Background Iodine deficiency has re-emerged in Australia. Pregnant and breastfeeding women need higher iodine intakes (estimated average requirements: 160 μg/day and 190 μg/day) than non-pregnant women (100 μg/day) because iodine is critical for early infant development. The impact of iodine fortification of bread on women's iodine intake is evaluated by reproductive status using 2003 Australian Longitudinal Study on Women's Health (ALSWH) food frequency data and projected onto 1995 National Nutrition Survey (NNS) daily food consumption data for women of child-bearing age.
Methods Recent iodine analyses of Australian foods were combined with reported intakes of key foods to estimate iodine intake before and after fortification for 665 pregnant, 432 zero to 6 months postpartum, 467 seven to 12 months postpartum and 7324 non-pregnant women. Differences in mean iodine intake between these groups were projected onto NNS estimates of total iodine intake for women of child-bearing age.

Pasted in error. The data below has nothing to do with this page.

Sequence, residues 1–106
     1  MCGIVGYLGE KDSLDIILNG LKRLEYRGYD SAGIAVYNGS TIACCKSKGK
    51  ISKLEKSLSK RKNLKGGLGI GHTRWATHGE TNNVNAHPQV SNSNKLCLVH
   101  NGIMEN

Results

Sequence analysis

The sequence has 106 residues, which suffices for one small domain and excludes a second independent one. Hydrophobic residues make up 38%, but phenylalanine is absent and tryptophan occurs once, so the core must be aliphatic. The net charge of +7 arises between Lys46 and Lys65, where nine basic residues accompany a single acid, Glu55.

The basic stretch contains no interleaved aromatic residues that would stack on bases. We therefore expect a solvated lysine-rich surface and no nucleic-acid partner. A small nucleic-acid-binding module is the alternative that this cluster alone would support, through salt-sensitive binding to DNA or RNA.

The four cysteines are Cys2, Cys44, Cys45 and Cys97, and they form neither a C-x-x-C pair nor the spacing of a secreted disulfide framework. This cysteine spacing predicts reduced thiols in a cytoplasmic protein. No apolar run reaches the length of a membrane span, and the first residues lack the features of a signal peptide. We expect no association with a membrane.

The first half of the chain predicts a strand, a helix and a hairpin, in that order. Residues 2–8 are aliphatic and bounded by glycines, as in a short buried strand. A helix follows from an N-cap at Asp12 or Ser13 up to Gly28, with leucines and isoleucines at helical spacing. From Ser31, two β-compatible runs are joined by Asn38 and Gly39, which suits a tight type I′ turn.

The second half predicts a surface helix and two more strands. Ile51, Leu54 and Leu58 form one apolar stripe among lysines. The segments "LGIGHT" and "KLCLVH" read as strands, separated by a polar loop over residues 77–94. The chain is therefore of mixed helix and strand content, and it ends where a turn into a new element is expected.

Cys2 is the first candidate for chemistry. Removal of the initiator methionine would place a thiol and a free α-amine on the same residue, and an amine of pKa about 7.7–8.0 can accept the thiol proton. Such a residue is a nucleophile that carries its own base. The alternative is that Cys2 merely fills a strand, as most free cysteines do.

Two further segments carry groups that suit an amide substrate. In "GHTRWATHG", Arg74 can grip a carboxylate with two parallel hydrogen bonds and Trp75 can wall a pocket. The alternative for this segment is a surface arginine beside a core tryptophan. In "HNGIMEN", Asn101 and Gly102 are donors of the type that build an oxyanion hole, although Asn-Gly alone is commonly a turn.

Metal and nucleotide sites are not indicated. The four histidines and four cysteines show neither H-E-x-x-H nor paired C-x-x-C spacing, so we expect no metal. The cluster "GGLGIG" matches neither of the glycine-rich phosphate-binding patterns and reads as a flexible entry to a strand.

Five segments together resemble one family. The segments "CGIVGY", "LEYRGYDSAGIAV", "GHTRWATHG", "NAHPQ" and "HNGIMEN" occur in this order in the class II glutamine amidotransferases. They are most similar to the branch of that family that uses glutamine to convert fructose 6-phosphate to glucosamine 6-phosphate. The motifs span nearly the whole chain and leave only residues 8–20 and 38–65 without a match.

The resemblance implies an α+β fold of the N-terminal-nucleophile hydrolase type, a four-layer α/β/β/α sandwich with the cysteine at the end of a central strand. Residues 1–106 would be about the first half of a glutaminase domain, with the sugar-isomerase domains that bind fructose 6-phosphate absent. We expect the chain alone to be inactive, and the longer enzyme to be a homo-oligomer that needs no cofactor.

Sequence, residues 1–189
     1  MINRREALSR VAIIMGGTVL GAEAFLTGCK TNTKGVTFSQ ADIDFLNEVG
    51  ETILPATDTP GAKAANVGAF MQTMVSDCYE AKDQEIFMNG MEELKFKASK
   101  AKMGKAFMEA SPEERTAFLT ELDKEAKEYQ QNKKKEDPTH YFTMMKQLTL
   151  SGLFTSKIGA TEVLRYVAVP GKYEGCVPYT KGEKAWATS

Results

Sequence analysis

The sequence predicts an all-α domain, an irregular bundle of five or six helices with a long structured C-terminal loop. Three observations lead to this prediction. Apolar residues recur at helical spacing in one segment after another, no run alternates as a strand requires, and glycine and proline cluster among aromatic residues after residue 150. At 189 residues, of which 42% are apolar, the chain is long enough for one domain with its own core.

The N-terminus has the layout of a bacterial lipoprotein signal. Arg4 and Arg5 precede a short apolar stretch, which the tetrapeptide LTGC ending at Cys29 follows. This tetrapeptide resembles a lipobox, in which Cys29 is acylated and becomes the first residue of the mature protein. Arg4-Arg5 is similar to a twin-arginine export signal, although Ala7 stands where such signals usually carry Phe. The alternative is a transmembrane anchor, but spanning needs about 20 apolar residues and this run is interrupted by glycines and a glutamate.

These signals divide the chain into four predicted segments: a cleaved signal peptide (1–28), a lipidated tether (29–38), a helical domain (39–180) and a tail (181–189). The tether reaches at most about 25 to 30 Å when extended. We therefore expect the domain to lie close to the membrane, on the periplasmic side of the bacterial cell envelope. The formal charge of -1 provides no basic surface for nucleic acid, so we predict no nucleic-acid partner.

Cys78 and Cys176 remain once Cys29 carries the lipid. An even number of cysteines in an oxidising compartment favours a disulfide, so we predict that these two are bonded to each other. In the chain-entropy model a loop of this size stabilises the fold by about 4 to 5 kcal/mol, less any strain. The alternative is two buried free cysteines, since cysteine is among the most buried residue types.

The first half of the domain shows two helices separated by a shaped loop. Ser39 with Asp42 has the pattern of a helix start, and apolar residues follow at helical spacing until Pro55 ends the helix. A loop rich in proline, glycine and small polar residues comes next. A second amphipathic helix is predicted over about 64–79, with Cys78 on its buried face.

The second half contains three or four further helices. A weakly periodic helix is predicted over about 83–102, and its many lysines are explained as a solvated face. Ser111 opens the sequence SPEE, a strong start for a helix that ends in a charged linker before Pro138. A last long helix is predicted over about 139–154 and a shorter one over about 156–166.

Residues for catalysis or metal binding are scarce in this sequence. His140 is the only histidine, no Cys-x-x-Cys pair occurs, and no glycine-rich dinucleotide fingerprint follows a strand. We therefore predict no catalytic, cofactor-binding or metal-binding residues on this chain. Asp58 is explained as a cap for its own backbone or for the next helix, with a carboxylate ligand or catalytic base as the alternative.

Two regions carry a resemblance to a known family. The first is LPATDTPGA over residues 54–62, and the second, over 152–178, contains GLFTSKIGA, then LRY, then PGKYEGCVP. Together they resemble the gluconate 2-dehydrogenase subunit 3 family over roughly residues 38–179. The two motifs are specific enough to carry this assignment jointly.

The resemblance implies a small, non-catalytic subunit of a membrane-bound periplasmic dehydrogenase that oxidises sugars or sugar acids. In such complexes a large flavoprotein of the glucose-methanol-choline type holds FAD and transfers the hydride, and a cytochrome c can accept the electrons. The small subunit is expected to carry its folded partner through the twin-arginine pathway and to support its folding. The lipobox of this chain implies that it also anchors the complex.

Results Pregnant and postpartum women reported eating more bread than did non-pregnant women. Mean iodine intakes (μg/day before; and after fortification) from key foods were higher in pregnant (78; 124), 0–6 months postpartum (75; 123) and 7–12 months postpartum (71; 117) than in non-pregnant women (65; 103). Projecting ALSWH results onto the NNS yields total mean iodine intakes of 167, 167, 160 and 146 for the same groups.
Conclusion Current iodine intakes are well below dietary recommendations. The impact of iodine fortification of bread would be greater for pregnant and postpartum women than has been previously estimated using general population intakes, but additional strategies to increase intakes by these groups are still needed.
- population surveys
- public health epidemiology
- thyroid DI
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Funding We are grateful to the Australian Government Department of Health and Ageing for funding. The current analysis was funded by Food Standards Australia New Zealand.
Competing interests None.
Ethics approval Ethics approval was provided by the University of Newcastle and University of Queensland.
Provenance and peer review Not commissioned; externally peer reviewed.